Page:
Companies can use software to support customer visualization as well as the machining process. Photo: Cabinet Vision
Companies can use software to support customer visualization as well as the machining process. Photo: Cabinet Vision

If you’re the owner of a small shop, you may think that CNC machinery and the software are only for the big shops. But making the leap to CNC can be just as beneficial for your size shop.

In addition to CNC software helping to expand a company’s resources and allow it to attract more and larger jobs, small shop owners also find it helps save time in the office. And in most cases, there is a fast return on investment.

The benefits of integration

The best solutions are those that offer new and better ways to help you turn out high-quality products with the most efficient methods. For example, software capable of rendering realistic drawings of finished products supports the visualization process, which helps attract and excite customers. If you consider that this same software also is capable of automatically generating material data, assembly sheets, cutlists, and more, you’re looking at savings linked to reductions in both material waste and human error.

Today, it’s easier than ever for users to integrate CNC tooling within their design software and output geometry directly to the CNC routers. If you factor in nesting functionality and other strengths, the capabilities of software and CNC machinery can make all the difference. The benefits of adopting a CNC machining/software solution are many, including:

• Programming is created in one seamless, fully integrated application.  The information is then transmitted to the machine automatically, thus eliminating operator error.

• Parts are less expensive to produce due to reduced labor, reduced error and material savings.

Finding what you need

Here are some questions that you must ask yourself as you compare options:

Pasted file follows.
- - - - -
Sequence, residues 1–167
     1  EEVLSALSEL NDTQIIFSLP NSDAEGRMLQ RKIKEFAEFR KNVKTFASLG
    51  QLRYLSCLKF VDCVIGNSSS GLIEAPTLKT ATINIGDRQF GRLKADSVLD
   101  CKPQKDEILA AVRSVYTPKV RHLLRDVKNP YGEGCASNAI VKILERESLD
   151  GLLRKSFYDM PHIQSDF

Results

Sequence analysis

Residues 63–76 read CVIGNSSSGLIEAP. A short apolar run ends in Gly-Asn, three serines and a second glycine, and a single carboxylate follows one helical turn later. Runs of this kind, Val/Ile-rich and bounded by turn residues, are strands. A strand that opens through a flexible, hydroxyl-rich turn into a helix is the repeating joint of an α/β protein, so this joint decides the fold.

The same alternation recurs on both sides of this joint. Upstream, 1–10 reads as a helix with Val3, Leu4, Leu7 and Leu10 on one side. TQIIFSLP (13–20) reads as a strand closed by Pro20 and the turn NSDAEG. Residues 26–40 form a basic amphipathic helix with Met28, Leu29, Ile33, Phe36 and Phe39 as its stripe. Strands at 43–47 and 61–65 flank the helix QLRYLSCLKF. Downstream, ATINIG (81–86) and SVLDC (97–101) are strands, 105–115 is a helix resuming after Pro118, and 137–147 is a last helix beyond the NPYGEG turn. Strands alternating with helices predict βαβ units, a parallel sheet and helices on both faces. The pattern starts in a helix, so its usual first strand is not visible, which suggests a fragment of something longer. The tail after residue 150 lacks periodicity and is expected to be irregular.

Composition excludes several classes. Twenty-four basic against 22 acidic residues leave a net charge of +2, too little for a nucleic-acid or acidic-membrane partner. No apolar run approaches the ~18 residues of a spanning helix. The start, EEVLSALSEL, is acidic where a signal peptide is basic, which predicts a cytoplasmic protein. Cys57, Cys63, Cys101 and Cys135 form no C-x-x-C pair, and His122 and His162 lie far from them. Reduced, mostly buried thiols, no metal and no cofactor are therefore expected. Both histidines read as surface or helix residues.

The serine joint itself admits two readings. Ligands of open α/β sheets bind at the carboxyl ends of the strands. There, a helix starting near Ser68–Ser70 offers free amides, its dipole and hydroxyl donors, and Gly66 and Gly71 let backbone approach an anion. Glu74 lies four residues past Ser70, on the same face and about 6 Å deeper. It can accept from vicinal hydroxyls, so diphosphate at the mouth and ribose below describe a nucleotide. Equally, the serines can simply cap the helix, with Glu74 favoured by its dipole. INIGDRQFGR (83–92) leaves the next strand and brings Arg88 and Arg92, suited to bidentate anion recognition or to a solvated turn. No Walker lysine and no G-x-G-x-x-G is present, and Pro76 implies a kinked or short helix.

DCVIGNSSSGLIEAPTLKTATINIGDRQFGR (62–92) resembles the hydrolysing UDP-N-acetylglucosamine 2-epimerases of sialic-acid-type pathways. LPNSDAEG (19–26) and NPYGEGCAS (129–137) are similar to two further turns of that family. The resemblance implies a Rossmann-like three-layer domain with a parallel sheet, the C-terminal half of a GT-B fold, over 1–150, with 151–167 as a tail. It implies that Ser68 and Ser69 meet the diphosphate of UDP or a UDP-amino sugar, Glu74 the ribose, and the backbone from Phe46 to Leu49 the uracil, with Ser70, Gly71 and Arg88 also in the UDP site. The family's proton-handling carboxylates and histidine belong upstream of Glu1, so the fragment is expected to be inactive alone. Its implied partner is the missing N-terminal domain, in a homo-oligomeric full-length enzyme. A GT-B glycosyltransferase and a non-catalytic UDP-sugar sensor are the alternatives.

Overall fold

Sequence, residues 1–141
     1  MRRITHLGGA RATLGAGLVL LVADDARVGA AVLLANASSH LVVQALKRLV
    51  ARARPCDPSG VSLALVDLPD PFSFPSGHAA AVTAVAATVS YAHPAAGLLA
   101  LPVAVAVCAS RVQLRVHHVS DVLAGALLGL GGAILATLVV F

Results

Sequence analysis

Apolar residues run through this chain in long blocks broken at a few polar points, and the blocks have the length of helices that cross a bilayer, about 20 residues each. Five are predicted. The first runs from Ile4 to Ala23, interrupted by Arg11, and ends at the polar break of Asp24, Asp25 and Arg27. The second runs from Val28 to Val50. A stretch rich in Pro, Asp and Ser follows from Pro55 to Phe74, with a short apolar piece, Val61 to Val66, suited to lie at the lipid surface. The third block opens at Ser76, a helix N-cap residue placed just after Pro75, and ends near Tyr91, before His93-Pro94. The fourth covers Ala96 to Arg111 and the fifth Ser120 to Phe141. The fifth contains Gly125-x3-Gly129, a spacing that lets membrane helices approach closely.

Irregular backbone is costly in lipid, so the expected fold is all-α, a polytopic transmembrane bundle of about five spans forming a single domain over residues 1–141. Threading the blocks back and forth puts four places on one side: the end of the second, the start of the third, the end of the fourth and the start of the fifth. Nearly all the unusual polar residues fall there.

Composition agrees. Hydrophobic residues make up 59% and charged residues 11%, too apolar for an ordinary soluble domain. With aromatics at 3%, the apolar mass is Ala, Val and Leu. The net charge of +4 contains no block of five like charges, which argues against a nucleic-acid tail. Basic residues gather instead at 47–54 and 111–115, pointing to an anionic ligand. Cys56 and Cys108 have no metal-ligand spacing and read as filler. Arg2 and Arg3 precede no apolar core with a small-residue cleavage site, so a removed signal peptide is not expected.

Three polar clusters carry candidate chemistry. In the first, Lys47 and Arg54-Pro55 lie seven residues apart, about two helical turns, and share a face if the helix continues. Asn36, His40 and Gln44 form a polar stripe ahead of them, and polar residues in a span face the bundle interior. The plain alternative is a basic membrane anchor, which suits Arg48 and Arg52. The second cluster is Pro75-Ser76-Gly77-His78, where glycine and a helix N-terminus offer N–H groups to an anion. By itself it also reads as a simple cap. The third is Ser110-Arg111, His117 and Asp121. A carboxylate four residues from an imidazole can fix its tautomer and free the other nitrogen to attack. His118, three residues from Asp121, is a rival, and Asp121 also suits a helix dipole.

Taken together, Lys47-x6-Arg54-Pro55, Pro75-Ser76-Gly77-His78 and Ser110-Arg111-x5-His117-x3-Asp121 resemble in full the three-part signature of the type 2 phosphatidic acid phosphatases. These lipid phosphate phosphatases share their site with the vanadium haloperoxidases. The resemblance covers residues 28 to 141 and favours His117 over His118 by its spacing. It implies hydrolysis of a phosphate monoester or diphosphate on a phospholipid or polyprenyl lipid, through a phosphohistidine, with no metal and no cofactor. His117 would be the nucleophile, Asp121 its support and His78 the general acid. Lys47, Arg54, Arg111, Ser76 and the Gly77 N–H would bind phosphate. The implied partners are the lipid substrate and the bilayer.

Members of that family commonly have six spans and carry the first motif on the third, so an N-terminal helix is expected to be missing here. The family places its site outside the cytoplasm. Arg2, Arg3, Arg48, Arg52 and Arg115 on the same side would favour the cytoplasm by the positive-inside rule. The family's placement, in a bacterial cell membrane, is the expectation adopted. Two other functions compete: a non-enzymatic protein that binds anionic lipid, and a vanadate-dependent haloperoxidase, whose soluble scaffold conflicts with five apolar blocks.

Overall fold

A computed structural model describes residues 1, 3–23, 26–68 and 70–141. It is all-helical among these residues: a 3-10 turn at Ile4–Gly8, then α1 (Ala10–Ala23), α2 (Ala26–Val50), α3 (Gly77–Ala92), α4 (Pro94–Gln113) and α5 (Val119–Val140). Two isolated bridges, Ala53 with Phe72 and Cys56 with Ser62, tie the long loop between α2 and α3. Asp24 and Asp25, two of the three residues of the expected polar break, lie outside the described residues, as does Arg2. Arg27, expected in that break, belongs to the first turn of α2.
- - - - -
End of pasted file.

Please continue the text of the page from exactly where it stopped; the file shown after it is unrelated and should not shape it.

• Is the software processing time efficient? If you have to wait a significant amount of time for the software to perform vital calculations, you aren’t saving the kind of time that you could be. Make sure that the software maximizes your time.

• Is the software set up to provide accurate detailed part geometry? After all, this is the nuts and bolts of the whole shebang.

• Does the software automatically generate machine-ready code for standard and custom parts from the design? This is where automation can really shine — and increase your efficiency significantly.

• Does the software company offer top-notch support? Bumps in the road do occur, and your software supplier should be there to dust your knees off when you trip and fall. If the software firm does not offer support in a timely manner, keep looking for one that does.
Once you’ve vetted your options and selected the software, integration can begin. It’s important to note that growing pains are part of the process, so keep in mind that integration takes a little time, but is ultimately worth the effort. Here are some tips to help streamline and ease the process:

• Take delivery of your software three to six months ahead of your machinery. This gives you and everyone in your shop the opportunity to learn the software before the machinery arrives.

•  Participate in the training process offered by vendors. Formal training is a financial investment and, like the software, it tends to pay for itself. Training also helps you learn how to maximize all of the features at your disposal, which ensures that you’re getting the most bang for your buck.

• Have more than one software and machine operator. This may not be possible in very small shops, but back-up is always a good idea. If the only person who knows the software leaves the company, this puts you in a bind until someone new can be hired, trained, and able to work without supervision.

Source: Stacey Wiebe is a PR communications specialist for Vero Software. For information, contact the company at (205) 556-9199 or visit

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